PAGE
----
Even the movies are close at hand

Neighborhood profile

Senator Theatre among adornments of Chinquapin Park

October 21, 2001|By Charles Belfoure | Charles Belfoure,SPECIAL TO THE SUN

Baltimore is a city of historic rowhouses, but one of its most common types isn't historic at all.

The post-World War II Early American rowhouse is the unsung hero of Baltimore housing. A plain red brick front with a few Colonial flourishes around the front door, it fills block after block and gives neighborhoods such as Chinquapin Park a feeling of stability.

Set back from the sidewalk with their own little lawns, on curving streets with tall mature trees, Chinquapin Park's no-nonsense houses are affordable, easy to maintain and rather handsome.

With these sturdy rowhouses, a convenient location and a park in its back yard, the North Baltimore neighborhood has stayed healthy for more than 60 years.

"I like city living, and I don't have to travel long distances to the ballpark or the symphony," said Niles Ellingson, a resident for 40 years. "I've never had to travel more than five or six miles to work."

"The houses range in price from $60,000 to $80,000 for the mainstay rowhouse," said Sid Tanner, a vice president of Chinquapin Park Improvement Association. "Houses here seldom stay empty."

Chinquapin Park forms the eastern boundary of the neighborhood and provides abundant open space for youngsters to play and adults to stroll. In July, the neighborhood association sponsors an annual fair and a band concert in the park.

One of the strengths of the neighborhood is that when it became integrated, white flight didn't occur.

"Chinquapin Park became integrated and was a nice place to raise kids," Ellingson said.

The key to Chinquapin Park's stability is a strong, active neighborhood association, said Ellingson, an association vice president and former president.

"We have a person on each block and a Citizens on Patrol" program, said Millie Jones, who has lived in the neighborhood for 32 years and is president of the Improvement Association. "Our youth program has a Bible study group, a take-the-kids-to-work program and a sports-mentoring program."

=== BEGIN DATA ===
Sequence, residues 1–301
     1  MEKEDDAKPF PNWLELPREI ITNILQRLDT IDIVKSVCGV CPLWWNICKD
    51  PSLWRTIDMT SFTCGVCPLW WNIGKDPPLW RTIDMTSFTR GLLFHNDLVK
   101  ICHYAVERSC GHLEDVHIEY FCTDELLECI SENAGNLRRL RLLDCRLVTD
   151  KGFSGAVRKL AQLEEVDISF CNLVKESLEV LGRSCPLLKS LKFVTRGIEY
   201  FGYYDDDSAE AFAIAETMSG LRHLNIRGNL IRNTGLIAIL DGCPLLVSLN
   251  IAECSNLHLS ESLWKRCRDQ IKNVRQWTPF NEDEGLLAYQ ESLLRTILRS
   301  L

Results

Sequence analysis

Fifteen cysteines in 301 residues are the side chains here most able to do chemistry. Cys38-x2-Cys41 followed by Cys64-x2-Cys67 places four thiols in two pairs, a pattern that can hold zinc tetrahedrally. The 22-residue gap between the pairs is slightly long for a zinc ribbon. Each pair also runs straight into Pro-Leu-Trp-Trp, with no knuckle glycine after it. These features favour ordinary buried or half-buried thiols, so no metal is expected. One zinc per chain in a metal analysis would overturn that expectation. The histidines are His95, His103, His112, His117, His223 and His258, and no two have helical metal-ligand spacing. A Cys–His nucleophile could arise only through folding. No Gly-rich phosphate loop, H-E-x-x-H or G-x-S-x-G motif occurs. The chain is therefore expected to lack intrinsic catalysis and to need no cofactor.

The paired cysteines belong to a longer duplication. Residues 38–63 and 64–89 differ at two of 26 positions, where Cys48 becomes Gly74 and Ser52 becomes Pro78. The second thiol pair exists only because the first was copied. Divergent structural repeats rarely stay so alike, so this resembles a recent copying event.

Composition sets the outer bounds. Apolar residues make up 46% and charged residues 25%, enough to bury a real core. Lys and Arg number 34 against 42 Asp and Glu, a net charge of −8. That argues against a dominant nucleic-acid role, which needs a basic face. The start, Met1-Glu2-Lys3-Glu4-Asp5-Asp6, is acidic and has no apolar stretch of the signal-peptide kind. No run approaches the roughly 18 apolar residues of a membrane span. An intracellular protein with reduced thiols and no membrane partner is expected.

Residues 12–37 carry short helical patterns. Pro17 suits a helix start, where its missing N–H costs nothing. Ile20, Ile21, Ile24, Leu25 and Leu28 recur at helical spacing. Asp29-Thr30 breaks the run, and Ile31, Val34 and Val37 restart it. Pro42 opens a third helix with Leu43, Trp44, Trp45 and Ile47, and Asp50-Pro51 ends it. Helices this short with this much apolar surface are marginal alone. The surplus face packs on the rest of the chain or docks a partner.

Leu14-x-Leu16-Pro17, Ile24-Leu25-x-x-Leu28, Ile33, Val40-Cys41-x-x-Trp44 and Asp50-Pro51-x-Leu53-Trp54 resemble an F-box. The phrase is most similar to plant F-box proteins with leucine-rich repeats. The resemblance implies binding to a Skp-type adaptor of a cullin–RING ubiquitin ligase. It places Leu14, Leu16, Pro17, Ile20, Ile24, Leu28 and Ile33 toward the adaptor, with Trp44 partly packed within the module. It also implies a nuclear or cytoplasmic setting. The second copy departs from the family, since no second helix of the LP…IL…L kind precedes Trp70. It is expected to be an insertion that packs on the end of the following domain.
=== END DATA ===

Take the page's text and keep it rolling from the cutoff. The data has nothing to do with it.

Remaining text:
Chinquapin Park was once the site of several large estates, the largest and most famous being Evesham, founded in 1846 by Joseph Patterson.

The brother of Betsy Patterson, who married Napoleon's brother, Jerome, in 1803, Patterson named the 55-acre estate after the Vale of Evesham in Worcestershire, England, and built a mansion near what is now Northern Parkway and Tunstall Drive.

Upon Patterson's death in 1866, Evesham passed to his daughter. By 1961, all but 5 acres of the property had been sold for development and the mansion was torn down. Just about all that remains of Evesham is a slate-roofed stucco house at Dartmouth and Tunstall roads.

The community also has imposing detached homes along Evesham and Nicoll avenues, especially an impressive row of English-style homes in the 600 to 1000 blocks of Lake Avenue.

These homes between Northern Parkway and Lake Avenue range in price from $80,000 to $100,000. But it was after World War II that Chinquapin Park's architectural identity was cast when hundreds of the brick rowhouses were built.

Beginning in the late 1930s, when the effects of the Great Depression subsided, a new style of rowhouse inspired by the re-creation of Colonial Williamsburg took hold. After the war, the style persisted, but with much less detail.

Today, the neighborhood's most recognizable landmark is the Senator Theatre, the last independently owned, single-screen movie house in the city.

A survivor from a time when almost every Baltimore neighborhood had a movie theater within walking distance, the 1939 Art Deco building struggles to compete against corporate movie chains to book first-run films. Nevertheless, the Senator has a large following of loyal patrons who prefer watching movies on a wide screen in a spacious venue rather than in a typical multiplex theater.

The biggest concern of residents these days is the fate of Belvedere Square, a shopping center off Northern Parkway and York Road.

Renovated in the early 1990s, it was once a big selling point for homebuyers, according to Tanner, but closings have left the complex virtually vacant.

Despite the uncertain future of Belvedere Square, Chinquapin Park remains a desirable place to live.

"People here stay," said Ellingson. "There's not a lot of real estate turnover around here."

Chinquapin Park

ZIP code: 21212

Commute to downtown Baltimore: 20 minutes

Public schools: Leith Walk Elementary, Govans Elementary, Chinquapin Middle, Northern High

Shopping: York Road Plaza, Anneslie Shopping Center

Homes on market: 2

Average listing price: $75,182*

Average sale price: $72,457*

Average days on market: 215

Sale price as percentage of listing price: 96%*Based on 14 sales in the past 12 months, compiled by Metropolitan Regional Information Systems Inc.

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